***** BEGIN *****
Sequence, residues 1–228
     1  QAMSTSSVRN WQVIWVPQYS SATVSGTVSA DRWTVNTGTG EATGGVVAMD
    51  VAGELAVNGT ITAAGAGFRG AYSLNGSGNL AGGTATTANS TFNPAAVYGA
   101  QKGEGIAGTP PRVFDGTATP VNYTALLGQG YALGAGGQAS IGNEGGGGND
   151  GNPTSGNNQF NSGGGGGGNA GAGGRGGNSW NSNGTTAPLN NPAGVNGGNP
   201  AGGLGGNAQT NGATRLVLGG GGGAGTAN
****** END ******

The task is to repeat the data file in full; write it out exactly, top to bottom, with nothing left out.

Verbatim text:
Sequence, residues 1–228
     1  QAMSTSSVRN WQVIWVPQYS SATVSGTVSA DRWTVNTGTG EATGGVVAMD
    51  VAGELAVNGT ITAAGAGFRG AYSLNGSGNL AGGTATTANS TFNPAAVYGA
   101  QKGEGIAGTP PRVFDGTATP VNYTALLGQG YALGAGGQAS IGNEGGGGND
   151  GNPTSGNNQF NSGGGGGGNA GAGGRGGNSW NSNGTTAPLN NPAGVNGGNP
   201  AGGLGGNAQT NGATRLVLGG GGGAGTAN